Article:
Heading southeast from the seaside town of Esposende we now call home, our first stop was Celorico da Beira, specifically Solar de Queijo, famous for cheese, sausages, wine, and honey. Of course we tasted and made a purchase; what else can you do when the church (and most of the town) is closed? We then drove to Lageosa do Mondego and  arrived at our lodging for the next two nights, Casa do Brigadeiro.

Part of the joy of traveling is meeting new people and exchanging ideas, and nowhere on our travels have we encountered a more hospitable man than Casa do Brigadeiro’s host. Angolan-born journalist Fernando Pereira painstakingly restored his hundred-year-old family residence, updating it for hotel use. We were greeted in the bar with homemade cake, a glass of port, and lively discussion about Portugal and its colonies’ past and future. That’s something that just doesn’t happen in a chain hotel, and they don’t look like this, either.

Bar Counter 2The next day found us visiting the castle in Trancoso, where we complimented gatekeeper Maria on her excellent English. Not a surprise, since she was born in South Africa. As we were about to leave after a chat about the virtues of small town versus big city life, she said, “Don’t forget to try our sweet sardines!” Not what you’re thinking: they’re pastries. In the seventeenth century the nuns of the Order of Santa Clara created them. We heard varying explanations why they did, from giving hungry townspeople a treat while they waited for long periods before fisherman arrived with real seafood, to a way to make money for the convent.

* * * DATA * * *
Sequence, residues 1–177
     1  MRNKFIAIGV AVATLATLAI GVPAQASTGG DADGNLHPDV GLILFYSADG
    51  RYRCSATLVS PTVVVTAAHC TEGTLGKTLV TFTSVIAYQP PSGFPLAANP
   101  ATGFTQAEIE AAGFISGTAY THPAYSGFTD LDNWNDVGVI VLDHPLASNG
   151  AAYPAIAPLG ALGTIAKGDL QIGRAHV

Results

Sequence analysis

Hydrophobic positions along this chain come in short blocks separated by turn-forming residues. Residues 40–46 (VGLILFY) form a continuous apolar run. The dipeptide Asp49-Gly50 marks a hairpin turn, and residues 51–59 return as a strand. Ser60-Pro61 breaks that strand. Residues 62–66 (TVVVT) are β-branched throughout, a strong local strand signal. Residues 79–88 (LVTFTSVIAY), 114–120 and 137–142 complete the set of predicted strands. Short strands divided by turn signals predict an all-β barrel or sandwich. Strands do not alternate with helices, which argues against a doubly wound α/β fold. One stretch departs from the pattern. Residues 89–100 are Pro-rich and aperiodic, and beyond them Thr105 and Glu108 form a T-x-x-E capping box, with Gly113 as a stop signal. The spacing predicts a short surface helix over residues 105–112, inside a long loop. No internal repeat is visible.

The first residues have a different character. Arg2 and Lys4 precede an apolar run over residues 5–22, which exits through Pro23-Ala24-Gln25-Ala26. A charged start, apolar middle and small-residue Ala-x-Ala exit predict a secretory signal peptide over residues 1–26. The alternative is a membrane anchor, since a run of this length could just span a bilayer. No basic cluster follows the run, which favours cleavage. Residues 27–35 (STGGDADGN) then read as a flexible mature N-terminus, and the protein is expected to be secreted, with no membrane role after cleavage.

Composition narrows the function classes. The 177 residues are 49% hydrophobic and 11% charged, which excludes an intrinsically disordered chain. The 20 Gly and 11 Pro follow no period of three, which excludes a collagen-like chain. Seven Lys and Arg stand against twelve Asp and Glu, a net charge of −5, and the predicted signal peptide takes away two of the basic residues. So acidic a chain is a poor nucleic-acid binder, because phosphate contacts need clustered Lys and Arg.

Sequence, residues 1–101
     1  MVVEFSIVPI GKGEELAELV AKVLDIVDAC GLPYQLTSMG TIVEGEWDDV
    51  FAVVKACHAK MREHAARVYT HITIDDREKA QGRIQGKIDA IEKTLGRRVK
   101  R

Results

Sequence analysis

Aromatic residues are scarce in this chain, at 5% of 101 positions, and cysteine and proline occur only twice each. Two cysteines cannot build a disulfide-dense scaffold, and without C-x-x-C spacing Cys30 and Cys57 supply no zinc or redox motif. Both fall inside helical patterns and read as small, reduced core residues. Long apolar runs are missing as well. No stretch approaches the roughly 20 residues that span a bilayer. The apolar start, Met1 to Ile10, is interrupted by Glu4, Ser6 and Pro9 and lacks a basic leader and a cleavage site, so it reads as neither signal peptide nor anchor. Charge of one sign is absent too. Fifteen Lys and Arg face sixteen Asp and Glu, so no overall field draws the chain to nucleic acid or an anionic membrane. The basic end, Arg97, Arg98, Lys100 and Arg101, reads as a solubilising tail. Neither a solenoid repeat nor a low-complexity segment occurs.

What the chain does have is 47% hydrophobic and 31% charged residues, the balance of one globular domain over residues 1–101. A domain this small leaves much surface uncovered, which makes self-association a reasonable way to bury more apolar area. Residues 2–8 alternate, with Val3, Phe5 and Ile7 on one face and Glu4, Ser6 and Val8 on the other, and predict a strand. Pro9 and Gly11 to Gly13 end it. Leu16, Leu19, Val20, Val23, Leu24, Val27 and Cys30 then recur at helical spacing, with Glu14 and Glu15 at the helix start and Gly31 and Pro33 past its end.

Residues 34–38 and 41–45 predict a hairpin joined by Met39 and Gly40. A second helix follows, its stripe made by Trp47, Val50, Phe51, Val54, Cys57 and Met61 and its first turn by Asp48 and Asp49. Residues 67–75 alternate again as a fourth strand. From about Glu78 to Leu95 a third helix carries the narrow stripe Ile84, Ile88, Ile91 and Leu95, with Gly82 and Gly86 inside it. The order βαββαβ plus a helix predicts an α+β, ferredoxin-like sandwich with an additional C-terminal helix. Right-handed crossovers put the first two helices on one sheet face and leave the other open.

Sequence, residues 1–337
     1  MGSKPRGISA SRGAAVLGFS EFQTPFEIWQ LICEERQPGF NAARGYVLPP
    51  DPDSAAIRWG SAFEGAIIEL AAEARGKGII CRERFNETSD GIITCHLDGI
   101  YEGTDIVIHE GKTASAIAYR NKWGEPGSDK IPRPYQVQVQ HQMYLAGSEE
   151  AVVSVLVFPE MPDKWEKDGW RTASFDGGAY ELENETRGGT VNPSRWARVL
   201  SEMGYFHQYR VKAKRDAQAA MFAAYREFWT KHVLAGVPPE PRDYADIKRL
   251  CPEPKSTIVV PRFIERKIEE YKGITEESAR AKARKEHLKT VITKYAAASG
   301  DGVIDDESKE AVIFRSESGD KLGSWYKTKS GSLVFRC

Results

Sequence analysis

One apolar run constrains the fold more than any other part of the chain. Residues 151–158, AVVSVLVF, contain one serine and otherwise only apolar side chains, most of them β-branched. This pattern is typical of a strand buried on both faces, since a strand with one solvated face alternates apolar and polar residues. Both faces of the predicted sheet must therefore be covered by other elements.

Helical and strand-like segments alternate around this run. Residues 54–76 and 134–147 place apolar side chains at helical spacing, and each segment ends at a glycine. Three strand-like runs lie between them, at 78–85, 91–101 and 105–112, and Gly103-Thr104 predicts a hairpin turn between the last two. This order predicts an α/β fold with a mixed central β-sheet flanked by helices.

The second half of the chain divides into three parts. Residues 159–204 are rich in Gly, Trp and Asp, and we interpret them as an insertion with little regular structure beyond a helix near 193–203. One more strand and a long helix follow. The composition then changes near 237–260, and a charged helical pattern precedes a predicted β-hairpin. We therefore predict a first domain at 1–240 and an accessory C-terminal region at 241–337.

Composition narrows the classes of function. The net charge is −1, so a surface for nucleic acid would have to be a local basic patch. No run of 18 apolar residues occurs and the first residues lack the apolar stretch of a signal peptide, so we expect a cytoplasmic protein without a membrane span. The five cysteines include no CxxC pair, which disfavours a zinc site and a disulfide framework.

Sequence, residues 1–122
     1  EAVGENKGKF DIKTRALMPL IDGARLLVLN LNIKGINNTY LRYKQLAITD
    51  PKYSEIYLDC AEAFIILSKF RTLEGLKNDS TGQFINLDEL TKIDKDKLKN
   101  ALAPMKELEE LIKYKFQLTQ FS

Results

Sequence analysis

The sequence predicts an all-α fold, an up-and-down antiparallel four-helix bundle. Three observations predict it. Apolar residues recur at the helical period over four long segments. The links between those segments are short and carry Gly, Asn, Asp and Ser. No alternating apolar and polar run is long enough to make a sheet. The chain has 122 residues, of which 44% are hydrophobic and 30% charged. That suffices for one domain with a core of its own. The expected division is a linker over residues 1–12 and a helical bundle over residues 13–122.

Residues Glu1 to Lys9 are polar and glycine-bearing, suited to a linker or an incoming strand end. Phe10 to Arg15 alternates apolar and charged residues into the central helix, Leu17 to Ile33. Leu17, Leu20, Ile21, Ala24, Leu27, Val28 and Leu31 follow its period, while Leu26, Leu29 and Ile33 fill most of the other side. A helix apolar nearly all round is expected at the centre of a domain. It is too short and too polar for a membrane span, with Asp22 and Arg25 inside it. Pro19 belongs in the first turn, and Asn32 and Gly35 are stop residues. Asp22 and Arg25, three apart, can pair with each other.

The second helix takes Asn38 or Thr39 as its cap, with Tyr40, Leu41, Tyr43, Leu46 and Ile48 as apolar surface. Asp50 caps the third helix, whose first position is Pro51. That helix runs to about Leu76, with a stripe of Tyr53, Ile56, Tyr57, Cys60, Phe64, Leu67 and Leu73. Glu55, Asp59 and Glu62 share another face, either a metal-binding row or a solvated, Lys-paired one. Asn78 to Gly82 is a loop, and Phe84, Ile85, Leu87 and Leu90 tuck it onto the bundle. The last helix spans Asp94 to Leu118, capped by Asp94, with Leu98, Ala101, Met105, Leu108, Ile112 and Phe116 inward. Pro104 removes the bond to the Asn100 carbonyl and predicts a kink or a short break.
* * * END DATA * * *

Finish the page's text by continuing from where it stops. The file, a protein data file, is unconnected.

Castelo do Trancoso

In the castle-packed day, we also covered those of Marialva and Rodrigo. At the latter, we found both a tea room and a gourmet shop selling coffee, spiced, and chocolate-flavored almonds and chestnut jam. But the biggest delight was encountering a young mother and her Spanish husband on vacation from Madrid. When we heard her speaking English, we joined in and discovered she was born–of all places–in Brooklyn, and not just anywhere in Brooklyn, but in Park Slope, where my father was born and raised.

Historical sites can be thrilling, but connecting the dots with other travelers gives special meaning to every journey…in life.

Castelo Rodrigo